The Following is the Personal Statement I sent to Graduate School Programs in Library Studies in the winter of 1995/1996.
Computers and Telecommunications breathe new life into Librariesand Information Centers, transforming them into "Virtual Libraries". Ibelieve Art Libraries and Art History Slide Libraries would benefitfrom new advances in computer science. Photographic reproductions ofartwork, books, audio and video are the resources of library users inthe fields of the Arts and Art History. Computers will play a centralrole in storing, organizing and retrieving data more efficiently, andin making data more widely accessible, while retaining the high qualityand reliability of traditionally utilized resource materials.
Library automation systems using Graphic User Interface (GUI) arefast becoming favored platforms, liberating users from archaic cardcatalogues and clunky command line interface databases. Dynamicmethods of searching, such as the New York Public Library's new GUInamed "LEO"(Library Entrance On-Line), respond to queries at the point and click ofa mouse. Additionally, documents can be scanned and digitized directlyinto library archives, allowing libraries to give the public remoteaccess to electronic documents without having to access the physicalobjects where they reside (e.g., scanned/digitized books versus realbooks). Technology transforms the physical object in the library intoa more dynamic and versatile electronic resource material. Thefollowing examples explain how digitizing library archives offersinnumerable barrier-breaking methods of use for resource materials. Ishall outline some uses for computers in the Art Libraries and ArtHistory Slide Libraries that serve students and faculty, keeping inmind that the primary resources here are massive collections of images.
I imagine an Art Library or Slide Library where users instantlycall up images and documents at workstations and computer kiosks. Such machines will allow queries of multiple keywords and subjects. The user can download this information for later use. For theeducator, downloaded images projected from Computers networked to acentral image library server will eliminate the use of slides and freethe lecturer to jump to areas that relate to issues that arise inunpredictable free-forum discussion. In addition to being able to makemultiple comparisons, the lecturer can pull up high resolution detailsand display multi-media such as digitized video or audio (forperformances and interviews for example). Virtual reality (VR) canrender sculpture three-dimensionally for viewing at all angles. VRwalk-through animation will allow viewing of architecture and can givea virtual sense of destroyed or distant buildings.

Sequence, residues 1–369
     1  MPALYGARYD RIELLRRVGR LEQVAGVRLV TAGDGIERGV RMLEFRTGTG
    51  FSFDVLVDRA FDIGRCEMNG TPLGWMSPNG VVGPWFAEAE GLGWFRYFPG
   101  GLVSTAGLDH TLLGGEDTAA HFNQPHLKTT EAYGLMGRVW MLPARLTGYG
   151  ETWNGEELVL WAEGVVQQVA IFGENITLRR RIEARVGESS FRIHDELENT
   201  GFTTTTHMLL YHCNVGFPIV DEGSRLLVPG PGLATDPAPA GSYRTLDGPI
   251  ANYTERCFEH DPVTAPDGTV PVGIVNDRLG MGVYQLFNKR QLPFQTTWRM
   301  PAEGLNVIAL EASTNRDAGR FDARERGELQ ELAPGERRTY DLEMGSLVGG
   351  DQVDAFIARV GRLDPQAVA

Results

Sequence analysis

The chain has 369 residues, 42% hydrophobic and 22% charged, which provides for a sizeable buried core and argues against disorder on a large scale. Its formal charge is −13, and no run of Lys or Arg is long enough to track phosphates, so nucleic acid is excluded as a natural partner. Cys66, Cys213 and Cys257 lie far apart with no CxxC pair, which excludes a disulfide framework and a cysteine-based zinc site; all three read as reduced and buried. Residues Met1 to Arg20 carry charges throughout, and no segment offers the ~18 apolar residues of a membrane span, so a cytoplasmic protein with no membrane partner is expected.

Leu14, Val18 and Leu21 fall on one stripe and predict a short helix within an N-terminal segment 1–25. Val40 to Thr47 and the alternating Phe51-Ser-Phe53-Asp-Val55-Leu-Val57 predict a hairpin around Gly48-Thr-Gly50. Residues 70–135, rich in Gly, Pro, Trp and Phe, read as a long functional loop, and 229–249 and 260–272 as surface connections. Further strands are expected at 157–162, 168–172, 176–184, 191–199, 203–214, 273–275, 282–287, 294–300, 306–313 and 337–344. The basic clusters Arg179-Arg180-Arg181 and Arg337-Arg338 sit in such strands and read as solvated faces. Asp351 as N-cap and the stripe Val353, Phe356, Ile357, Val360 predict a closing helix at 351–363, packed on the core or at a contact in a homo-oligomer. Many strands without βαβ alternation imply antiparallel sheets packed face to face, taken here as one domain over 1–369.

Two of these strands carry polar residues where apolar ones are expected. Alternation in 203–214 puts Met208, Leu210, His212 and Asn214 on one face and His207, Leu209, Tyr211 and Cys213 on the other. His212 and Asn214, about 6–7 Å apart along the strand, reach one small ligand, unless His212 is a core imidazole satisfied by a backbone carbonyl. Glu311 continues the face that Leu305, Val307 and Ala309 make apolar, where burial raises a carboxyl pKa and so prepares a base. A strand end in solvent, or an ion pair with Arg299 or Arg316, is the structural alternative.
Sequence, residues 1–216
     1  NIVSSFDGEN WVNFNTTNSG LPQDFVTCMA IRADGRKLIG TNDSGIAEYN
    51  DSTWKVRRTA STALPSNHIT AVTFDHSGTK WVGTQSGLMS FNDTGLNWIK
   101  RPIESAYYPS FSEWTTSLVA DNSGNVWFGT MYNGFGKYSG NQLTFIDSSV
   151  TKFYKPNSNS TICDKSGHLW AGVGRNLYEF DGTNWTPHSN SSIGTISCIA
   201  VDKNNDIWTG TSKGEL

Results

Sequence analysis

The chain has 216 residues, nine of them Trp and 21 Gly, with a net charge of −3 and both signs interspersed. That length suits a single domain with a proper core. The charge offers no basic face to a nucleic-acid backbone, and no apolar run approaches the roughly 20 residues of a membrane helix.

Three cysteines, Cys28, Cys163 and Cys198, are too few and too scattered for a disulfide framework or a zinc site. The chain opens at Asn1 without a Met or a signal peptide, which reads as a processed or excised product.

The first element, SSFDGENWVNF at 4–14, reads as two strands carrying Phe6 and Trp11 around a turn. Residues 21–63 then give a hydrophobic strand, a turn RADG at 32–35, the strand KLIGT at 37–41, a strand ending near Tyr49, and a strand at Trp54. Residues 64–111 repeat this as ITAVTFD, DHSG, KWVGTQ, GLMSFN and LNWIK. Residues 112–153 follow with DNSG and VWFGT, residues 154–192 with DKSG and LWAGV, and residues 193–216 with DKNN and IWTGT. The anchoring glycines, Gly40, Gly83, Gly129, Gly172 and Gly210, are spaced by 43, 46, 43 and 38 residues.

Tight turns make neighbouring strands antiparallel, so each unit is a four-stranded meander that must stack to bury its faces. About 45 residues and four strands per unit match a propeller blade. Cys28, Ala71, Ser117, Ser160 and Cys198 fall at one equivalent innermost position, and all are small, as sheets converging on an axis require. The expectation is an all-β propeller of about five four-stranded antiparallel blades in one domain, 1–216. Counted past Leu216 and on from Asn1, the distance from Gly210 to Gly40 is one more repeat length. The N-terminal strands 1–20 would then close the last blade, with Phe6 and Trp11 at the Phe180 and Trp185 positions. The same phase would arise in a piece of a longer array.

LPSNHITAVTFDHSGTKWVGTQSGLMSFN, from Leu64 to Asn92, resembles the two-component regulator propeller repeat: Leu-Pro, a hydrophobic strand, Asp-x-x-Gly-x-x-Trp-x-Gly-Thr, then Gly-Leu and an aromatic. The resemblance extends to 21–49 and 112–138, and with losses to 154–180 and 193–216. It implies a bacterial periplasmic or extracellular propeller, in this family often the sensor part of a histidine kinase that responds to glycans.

Public access to these resources can be offered by setting up WebServers or File Transfer Protocol Sites (FTP) on the Internet, or bymaking limited or authorized access available to users only on localarea networks or intranets (internal networks) in the library or on theUniversity's server. In addition to local access in libraries, manylibraries may consider a shared-use system in which access is allowedover a wide area network. Such a universal system of shared-use wouldnetwork library resources internationally.
The Art Librarian needs to stay abreast of developments in the useof computers and their usefulness for the maintenance of an efficientinformation center. I believe strongly that the Art Librarian shouldfocus on the utilization of computer technology over his or her domain,because Art History is a field that relies on multi-media, andcomputers as archival tools facilitate superior storage, organization,retrieval and dissemination of these resources.
January 7, 1996